Responding to a question in the post-VR questionnaire, the woman wrote that at the end of the session, she missed her husband. “My colleague who was administering the questionnaire said this was a very emotional moment for her. She realized the purpose of the experience was not just to restore some memories. It was about giving the individual a life again, helping her or him to remember the good moments in their life.”
In fact, Samiya said, “carrying out the VR sessions has been a life-changing experience for everyone in the team. It was a live demonstration of what social impact means and how technology can transform healthcare for the better.”
Those who might like to run a similar study or simply provide the VR experiences in their particular settings should be aware of some of the challenges the researchers faced, Samiya noted. The team wanted to keep the same sets of residents throughout the study, but this wasn’t possible because of participants’ medical appointments, unwillingness to continue or other personal reasons, as well as the limited physical capacity of some.
“Some participants’ hearing issues were so severe they could not wear the headset with the audio on,” Samiya said. “We had to mute the headset because of their hearing aids, which caused a high degree of feedback. As a result, these individuals could have only limited or no VR experiences, despite their enthusiasm.”
Furthermore, some participants had neck and back problems, which also interfered with their ability to wear the VR headsets. “Better hardware is definitely needed and should be a future direction for work in this area,” Samiya advised.
Despite the challenges, 12 participants stayed with the program long enough for the researchers to assess the impact of VR on anxiety. “Generally, participant feedback suggests that nature-based VR experiences have a calming and relaxing effect,” Samiya said. “Some of the most popular environments were meadows, islands, underwater experiences and the African safari.”
The qualitative and quantitative analyses of the data also suggest that there was a significant improvement in mental state and mood scores, according to Samiya: “Scores improved more prominently for participants on regular anxiety medication — a finding that was corroborated by caregiver comments stating that they observed a reduction both in mood swings and the need to take the medication during the study period.” The trends were similar for the Mini Mental State Examination, which also suggested improvement.
Most participants didn’t have many regular visitors, nor could they visit others, Samiya pointed out:
Therefore, our visit and the VR experience were highlights of their days. One of the biggest takeaways from the study was that every single minute we spent with them is valued and they appreciated our efforts. It is overwhelming when someone who can hardly walk, hear or talk, comes up to you to tell you how much they look forward to seeing you. Their expression of gratitude is no less than an award and I will cherish it all my life.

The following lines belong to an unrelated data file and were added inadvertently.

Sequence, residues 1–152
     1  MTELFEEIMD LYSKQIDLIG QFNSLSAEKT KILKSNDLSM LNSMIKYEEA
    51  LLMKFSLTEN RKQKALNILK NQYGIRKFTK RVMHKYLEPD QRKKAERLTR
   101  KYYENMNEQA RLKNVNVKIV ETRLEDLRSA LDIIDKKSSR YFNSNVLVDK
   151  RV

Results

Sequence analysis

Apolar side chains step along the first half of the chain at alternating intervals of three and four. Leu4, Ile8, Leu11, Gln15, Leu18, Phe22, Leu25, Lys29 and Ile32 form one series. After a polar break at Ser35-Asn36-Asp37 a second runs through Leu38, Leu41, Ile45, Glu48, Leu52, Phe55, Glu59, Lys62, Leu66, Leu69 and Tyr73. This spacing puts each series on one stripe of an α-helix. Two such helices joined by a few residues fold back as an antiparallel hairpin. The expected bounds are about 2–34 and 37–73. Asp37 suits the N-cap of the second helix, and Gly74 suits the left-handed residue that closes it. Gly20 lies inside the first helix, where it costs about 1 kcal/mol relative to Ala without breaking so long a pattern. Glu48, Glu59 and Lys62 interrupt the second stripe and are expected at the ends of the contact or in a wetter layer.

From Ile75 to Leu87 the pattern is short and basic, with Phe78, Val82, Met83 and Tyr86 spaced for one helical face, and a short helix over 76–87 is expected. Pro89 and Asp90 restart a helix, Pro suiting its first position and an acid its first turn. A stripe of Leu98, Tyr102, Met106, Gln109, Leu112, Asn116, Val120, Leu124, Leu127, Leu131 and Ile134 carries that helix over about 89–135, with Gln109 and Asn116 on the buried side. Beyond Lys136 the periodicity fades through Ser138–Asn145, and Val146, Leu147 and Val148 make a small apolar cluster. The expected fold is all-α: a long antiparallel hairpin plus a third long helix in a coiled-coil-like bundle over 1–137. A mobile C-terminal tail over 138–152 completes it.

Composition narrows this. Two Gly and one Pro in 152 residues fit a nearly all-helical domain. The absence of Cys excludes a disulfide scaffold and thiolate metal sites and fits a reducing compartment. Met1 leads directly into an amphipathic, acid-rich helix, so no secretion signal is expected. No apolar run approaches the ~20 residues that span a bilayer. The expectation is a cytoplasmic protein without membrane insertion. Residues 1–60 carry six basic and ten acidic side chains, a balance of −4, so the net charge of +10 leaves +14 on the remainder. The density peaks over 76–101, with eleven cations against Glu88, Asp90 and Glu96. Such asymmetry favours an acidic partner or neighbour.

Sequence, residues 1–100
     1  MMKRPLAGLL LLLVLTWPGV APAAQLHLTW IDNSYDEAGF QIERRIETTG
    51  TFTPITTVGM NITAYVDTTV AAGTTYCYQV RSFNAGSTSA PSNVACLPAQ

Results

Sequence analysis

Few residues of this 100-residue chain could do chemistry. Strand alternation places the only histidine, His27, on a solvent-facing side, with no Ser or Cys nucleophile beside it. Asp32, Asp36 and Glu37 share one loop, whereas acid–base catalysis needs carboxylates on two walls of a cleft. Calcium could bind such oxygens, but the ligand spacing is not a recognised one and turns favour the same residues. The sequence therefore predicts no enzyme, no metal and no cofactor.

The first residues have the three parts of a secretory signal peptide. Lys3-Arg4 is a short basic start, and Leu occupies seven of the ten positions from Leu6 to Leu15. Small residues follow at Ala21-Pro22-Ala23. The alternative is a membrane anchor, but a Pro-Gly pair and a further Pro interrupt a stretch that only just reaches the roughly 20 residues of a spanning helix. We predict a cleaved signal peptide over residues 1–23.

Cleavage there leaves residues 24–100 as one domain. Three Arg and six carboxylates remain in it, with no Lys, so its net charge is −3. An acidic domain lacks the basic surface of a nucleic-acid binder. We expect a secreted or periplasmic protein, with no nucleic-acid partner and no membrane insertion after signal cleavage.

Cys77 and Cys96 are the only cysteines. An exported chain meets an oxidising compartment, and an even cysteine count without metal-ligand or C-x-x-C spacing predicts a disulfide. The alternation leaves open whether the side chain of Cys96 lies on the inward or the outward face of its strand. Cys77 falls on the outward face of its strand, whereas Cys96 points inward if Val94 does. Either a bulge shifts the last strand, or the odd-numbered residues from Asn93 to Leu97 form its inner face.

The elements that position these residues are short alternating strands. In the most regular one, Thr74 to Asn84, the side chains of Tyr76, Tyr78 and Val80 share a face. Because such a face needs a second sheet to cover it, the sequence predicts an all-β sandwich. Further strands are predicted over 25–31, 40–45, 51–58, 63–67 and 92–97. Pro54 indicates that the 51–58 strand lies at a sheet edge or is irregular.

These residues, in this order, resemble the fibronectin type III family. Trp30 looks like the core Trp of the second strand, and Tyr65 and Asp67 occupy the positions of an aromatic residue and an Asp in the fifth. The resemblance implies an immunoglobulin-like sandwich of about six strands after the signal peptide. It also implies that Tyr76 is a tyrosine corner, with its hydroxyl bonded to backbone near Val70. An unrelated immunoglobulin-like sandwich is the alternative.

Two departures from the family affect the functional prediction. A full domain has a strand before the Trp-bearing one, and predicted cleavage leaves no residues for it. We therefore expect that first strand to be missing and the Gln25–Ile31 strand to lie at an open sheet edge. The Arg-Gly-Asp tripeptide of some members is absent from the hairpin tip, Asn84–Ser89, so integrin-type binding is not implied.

An article describing the pilot in detail is in development and will be submitted to a peer-reviewed journal in the near future. Meanwhile, in a chapter in a book for which Samiya was a co-editor, called Extended Reality for Healthcare Systems: Recent Advances in Contemporary Research, she provides additional insights into the study and her motivation for pursuing it.
As a next step, her research team intends to carry forward the results and learnings from this pilot study to a larger study in partnership with Greener Games and Coverage Care Services(opens in new tab/window), which provided access to the care home residents, to identify new areas of impact and leverage the development of customized VR solutions for social care.
Read a chapter by Dr Khan
Dr Samiya Khan is coeditor of a new book from Elsevier that focuses on real-world applications of virtual reality and related emerging technologies in health and medicine. Extended Reality for Healthcare Systems: Advances in Contemporary Research(opens in new tab/window) includes case studies that explain the ways in which these technologies have and can be used, while also taking readers through increasing evidence of benefit, best practices and challenges. Fifteen chapters provide a basis for launching and evaluating new projects, focusing on healthcare solutions that are inclusive and cost-effective. Dr Khan is the author of Chapter 2: “Clinical applications of extended reality(opens in new tab/window).”
“Creating a book is a lengthy process, spanning, in our case, 20 months and involving many contributors,” Samiya said. “This can make management and communication challenging. My experience working with Elsevier, however, has been very smooth and without any communication hassles. The team is responsive and ensures that any conflicts or issues are resolved as quickly as possible. In my view, Elsevier lives up to its reputation of being one of the leading publishers in every sense.”